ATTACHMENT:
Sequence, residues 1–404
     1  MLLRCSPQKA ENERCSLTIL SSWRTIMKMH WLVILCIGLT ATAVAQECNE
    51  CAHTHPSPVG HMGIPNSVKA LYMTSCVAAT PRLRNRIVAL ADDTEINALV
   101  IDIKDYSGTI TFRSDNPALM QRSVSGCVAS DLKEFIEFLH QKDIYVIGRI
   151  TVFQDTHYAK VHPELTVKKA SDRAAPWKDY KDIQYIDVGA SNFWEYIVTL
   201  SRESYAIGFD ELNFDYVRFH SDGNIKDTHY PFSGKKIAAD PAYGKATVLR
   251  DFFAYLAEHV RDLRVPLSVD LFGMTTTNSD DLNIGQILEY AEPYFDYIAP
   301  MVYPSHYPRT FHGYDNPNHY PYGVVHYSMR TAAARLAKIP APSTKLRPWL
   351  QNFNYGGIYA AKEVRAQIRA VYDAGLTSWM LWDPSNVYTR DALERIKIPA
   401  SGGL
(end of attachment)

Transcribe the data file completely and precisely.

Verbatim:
Sequence, residues 1–404
     1  MLLRCSPQKA ENERCSLTIL SSWRTIMKMH WLVILCIGLT ATAVAQECNE
    51  CAHTHPSPVG HMGIPNSVKA LYMTSCVAAT PRLRNRIVAL ADDTEINALV
   101  IDIKDYSGTI TFRSDNPALM QRSVSGCVAS DLKEFIEFLH QKDIYVIGRI
   151  TVFQDTHYAK VHPELTVKKA SDRAAPWKDY KDIQYIDVGA SNFWEYIVTL
   201  SRESYAIGFD ELNFDYVRFH SDGNIKDTHY PFSGKKIAAD PAYGKATVLR
   251  DFFAYLAEHV RDLRVPLSVD LFGMTTTNSD DLNIGQILEY AEPYFDYIAP
   301  MVYPSHYPRT FHGYDNPNHY PYGVVHYSMR TAAARLAKIP APSTKLRPWL
   351  QNFNYGGIYA AKEVRAQIRA VYDAGLTSWM LWDPSNVYTR DALERIKIPA
   401  SGGL